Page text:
In a statement, Swinburn said: "I am taking this step in the long-term interests of my career. I would not be fair to myself or anyone else if I did not give my body or my metabolism a chance to settle down, and it has significantly failed to do that over recent months, in spite of rigid adherence to a medically supervised diet."
Swinburn's announcement prompted complete astonishment throughout racing, not simply because of its substance, but also as a result of its timing. On Saturday week, he had been due to partner the most highly regarded horse of his generation, Entrepreneur, in the 2,000 Guineas, the first Classic of the season. Entrepreneur is already the ante-post favourite for the Derby, an event which Swinburn has won three times, most memorably on Shergar when he was just 19 years old.
Like Shergar, Entrepreneur is trained by Michael Stoute, who stood by Swinburn when many felt he was too young and inexperienced to ride a Derby favourite, and has been his most significant employer ever since. "Naturally I am hugely disappointed to be forced into making this decision," the jockey added, "particularly when the year appears to hold so much promise for [Michael Stoute's] horses. I wish Mr Stoute and everyone at Freemason's Lodge a hugely successful year and hope that it is not too long before I am once again playing a significant part in the story."
Stoute, too, expressed his regret at yesterday's news. "I have been very aware that life has been a struggle for him recently," the trainer said, "and I look forward to him coming back when the problem is under control, when he will most certainly have my full support."
Away from the track, Swinburn has not always lived up to his nickname of "the Choirboy", and last month he was fined pounds 500 and ordered to pay pounds 600 in compensation after admitting an assault on a Newmarket restaurateur. During the proceedings, Swinburn admitted to suffering from an eating disorder which reduced his tolerance to alcohol, but when he returned to riding at Nottingham a fortnight later, there was little indication that anything but a full campaign lay before him.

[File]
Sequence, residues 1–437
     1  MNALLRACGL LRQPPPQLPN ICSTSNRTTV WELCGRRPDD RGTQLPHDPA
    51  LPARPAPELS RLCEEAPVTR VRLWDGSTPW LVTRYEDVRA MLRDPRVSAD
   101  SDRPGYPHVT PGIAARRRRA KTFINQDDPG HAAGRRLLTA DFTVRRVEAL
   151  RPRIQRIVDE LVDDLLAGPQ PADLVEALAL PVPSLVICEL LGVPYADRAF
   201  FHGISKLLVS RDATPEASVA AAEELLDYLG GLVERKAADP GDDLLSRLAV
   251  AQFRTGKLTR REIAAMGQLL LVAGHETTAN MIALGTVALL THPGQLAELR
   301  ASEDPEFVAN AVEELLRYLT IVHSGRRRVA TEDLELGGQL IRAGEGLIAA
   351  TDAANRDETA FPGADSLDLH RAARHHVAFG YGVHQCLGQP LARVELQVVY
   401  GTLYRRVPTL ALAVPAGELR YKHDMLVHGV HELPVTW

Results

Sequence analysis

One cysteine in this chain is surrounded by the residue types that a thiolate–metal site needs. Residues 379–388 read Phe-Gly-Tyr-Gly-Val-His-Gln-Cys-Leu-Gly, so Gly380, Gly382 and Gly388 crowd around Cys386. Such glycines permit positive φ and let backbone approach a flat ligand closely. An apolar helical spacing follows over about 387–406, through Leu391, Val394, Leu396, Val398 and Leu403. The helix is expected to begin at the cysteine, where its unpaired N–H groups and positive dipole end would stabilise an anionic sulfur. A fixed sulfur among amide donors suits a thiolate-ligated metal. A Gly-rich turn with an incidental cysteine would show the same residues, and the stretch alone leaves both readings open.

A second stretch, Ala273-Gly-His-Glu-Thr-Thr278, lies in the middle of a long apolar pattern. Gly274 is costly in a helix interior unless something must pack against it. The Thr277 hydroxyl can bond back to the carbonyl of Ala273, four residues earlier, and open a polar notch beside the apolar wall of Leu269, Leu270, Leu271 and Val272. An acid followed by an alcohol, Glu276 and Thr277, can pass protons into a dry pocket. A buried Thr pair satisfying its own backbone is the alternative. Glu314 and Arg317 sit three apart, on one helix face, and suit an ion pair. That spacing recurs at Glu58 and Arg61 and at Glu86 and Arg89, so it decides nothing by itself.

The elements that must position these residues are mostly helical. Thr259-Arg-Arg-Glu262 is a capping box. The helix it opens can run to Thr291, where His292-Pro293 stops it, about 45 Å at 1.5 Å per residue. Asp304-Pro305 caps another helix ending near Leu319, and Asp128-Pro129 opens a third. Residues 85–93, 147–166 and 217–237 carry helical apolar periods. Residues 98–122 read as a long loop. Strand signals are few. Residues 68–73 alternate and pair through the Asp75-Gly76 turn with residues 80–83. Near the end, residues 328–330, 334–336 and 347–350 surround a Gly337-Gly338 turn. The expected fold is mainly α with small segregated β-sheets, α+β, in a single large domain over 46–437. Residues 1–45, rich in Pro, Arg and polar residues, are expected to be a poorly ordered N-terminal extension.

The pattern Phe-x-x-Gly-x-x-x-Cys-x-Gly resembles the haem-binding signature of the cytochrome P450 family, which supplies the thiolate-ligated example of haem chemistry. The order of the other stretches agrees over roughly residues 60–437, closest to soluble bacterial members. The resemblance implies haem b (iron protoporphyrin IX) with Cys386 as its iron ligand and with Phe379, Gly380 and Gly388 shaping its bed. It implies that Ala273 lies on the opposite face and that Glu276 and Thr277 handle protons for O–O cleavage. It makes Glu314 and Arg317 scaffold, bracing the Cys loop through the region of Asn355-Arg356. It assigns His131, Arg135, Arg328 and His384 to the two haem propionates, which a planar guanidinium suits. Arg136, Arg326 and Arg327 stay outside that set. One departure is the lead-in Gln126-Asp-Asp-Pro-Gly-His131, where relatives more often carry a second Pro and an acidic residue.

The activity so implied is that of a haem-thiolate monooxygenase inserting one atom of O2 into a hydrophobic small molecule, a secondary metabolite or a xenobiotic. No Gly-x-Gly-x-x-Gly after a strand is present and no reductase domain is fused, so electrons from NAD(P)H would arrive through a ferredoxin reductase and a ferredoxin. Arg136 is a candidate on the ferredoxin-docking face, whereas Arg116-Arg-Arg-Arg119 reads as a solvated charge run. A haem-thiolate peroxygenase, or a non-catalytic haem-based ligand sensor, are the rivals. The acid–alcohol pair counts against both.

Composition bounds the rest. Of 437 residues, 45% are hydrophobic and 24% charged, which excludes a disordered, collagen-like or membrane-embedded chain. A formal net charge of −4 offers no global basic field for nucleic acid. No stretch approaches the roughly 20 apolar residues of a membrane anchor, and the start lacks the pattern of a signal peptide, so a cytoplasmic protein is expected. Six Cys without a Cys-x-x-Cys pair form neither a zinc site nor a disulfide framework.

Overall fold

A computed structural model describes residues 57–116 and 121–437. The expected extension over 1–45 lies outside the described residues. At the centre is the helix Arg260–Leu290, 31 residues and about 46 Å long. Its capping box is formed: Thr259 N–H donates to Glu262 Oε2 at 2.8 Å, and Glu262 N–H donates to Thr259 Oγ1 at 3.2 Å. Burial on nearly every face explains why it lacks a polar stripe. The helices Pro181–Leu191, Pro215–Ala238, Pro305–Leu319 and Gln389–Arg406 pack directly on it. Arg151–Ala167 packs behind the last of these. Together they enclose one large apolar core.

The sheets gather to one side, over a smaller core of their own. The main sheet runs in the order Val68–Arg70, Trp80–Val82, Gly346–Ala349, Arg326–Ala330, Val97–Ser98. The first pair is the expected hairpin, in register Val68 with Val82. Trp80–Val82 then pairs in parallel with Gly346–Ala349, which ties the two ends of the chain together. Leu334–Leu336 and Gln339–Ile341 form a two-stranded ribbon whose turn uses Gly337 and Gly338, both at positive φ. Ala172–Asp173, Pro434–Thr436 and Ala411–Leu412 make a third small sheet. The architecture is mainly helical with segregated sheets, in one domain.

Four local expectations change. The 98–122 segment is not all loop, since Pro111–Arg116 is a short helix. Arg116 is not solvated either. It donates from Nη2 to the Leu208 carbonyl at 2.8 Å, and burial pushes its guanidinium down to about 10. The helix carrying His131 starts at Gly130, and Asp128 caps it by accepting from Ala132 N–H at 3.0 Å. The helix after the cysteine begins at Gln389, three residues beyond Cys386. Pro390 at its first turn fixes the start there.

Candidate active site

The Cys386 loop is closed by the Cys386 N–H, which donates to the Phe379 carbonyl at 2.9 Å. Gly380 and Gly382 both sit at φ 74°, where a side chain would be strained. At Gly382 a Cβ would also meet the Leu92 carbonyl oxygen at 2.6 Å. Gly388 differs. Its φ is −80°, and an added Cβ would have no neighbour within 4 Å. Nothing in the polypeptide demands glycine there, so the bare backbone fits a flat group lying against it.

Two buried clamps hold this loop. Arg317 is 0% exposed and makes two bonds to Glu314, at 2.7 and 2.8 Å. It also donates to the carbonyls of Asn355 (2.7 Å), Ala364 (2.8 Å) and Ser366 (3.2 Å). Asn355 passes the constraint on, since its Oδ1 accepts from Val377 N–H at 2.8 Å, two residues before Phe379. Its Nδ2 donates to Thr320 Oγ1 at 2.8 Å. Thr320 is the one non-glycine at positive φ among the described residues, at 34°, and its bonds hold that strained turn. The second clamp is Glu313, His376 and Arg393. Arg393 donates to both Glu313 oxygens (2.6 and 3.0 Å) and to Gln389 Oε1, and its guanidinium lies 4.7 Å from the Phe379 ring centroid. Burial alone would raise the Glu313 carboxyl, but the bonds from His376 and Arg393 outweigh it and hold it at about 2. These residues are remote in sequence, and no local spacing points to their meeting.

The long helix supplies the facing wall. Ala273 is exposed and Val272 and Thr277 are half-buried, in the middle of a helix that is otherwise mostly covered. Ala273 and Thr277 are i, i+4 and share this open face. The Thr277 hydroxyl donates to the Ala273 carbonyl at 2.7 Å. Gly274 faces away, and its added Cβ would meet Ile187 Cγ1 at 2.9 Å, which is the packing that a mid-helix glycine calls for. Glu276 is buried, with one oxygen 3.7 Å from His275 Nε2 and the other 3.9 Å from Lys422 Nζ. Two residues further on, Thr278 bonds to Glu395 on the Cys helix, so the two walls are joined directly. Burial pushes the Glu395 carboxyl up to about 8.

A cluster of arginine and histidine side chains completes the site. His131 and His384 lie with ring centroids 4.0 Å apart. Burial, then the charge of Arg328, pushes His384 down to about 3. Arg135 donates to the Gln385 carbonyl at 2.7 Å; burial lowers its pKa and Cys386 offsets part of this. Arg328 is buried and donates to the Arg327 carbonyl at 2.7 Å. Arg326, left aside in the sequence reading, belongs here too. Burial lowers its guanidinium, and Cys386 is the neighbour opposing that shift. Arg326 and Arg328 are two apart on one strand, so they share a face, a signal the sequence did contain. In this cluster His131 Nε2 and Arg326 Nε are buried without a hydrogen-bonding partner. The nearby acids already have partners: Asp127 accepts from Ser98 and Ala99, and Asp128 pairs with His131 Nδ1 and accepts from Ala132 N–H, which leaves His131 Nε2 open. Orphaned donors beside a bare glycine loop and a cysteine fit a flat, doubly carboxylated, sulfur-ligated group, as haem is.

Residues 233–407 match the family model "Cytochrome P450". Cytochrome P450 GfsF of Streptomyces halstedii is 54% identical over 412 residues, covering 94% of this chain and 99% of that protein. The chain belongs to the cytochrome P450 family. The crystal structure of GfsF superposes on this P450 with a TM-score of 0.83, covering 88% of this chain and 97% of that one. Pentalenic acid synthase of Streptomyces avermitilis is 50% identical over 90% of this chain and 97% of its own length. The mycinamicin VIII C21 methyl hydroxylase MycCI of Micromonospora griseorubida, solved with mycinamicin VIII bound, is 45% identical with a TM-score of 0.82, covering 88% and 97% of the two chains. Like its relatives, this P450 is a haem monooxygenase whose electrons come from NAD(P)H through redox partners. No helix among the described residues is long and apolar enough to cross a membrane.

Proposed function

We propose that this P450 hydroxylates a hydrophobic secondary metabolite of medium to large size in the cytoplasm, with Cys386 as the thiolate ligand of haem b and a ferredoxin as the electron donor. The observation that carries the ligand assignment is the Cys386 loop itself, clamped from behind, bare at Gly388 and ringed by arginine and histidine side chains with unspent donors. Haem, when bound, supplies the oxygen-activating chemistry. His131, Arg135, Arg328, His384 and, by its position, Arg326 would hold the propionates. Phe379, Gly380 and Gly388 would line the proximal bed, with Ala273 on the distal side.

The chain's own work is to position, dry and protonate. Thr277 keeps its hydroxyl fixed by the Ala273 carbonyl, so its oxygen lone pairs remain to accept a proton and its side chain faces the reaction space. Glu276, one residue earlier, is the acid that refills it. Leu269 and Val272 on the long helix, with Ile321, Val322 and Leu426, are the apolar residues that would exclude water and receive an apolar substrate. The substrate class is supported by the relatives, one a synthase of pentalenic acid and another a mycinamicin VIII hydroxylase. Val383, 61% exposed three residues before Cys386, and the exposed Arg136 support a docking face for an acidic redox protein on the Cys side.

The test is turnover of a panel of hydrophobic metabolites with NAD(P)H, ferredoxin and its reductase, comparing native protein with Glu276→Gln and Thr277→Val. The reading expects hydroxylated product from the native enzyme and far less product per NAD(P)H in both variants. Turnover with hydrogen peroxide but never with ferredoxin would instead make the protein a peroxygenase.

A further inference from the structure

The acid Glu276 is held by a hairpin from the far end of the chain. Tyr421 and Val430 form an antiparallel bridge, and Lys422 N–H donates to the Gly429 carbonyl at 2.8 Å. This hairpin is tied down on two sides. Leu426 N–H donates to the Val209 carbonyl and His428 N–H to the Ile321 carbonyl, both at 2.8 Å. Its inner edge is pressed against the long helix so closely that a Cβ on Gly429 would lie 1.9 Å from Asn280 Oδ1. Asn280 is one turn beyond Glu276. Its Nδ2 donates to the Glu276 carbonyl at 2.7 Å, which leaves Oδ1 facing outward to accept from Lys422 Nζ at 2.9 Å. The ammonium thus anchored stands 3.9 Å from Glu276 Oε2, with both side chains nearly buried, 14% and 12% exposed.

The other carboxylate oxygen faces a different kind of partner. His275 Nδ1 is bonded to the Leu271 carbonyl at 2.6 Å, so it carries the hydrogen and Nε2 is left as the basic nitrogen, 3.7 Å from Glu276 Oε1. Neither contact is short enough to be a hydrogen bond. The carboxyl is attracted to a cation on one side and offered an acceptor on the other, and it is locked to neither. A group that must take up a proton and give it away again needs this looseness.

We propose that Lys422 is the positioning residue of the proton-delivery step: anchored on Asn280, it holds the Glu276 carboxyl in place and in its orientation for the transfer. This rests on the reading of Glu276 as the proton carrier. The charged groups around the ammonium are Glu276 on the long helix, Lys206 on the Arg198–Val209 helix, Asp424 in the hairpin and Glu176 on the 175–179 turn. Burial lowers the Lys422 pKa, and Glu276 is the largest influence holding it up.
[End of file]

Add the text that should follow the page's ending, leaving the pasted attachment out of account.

Even by the rollercoaster standards of his profession, Swinburn's career has veered wildly from high to low. Less than two years ago, he won his third Derby on Lammtarra, only to lose the ride on the subsequent King George and Prix de l'Arc de Triomphe winner to Lanfranco Dettori shortly afterwards. Then, the following February, came the moment to which many will feel the rider's latest troubles can trace their origin, when in the space of a few desperate seconds at Sha Tin in Hong Kong, Swinburn was left battered and almost lifeless when his mount crashed through a running-rail at speed.
His protracted recovery from severe head and chest injuries was extended further when the Jockey Club refused to licence him to ride until six months from the date of his accident. As so often in such circumstances, Swinburn's comeback ride, at Windsor on 12 August, was a winner, and when he partnered Pilsudski to victory in the Breeders' Cup Turf, one of the world's most valuable races, in Canada three months later, it looked that his career had caught an upcurrent once again.
Yet now it seems that while the obvious injuries from Sha Tin had healed, other scars remained. Weight problems can strike a jockey at any moment, and while Swinburn inherited talent in abundance from his father, Wally, himself a leading rider, he has never had the scrawny build of a natural lightweight. It is just three months since Walter Swinburn walked across Ireland to raise pounds 60,000 for charity. His personal journey towards full professional health, by contrast, remains far from complete.
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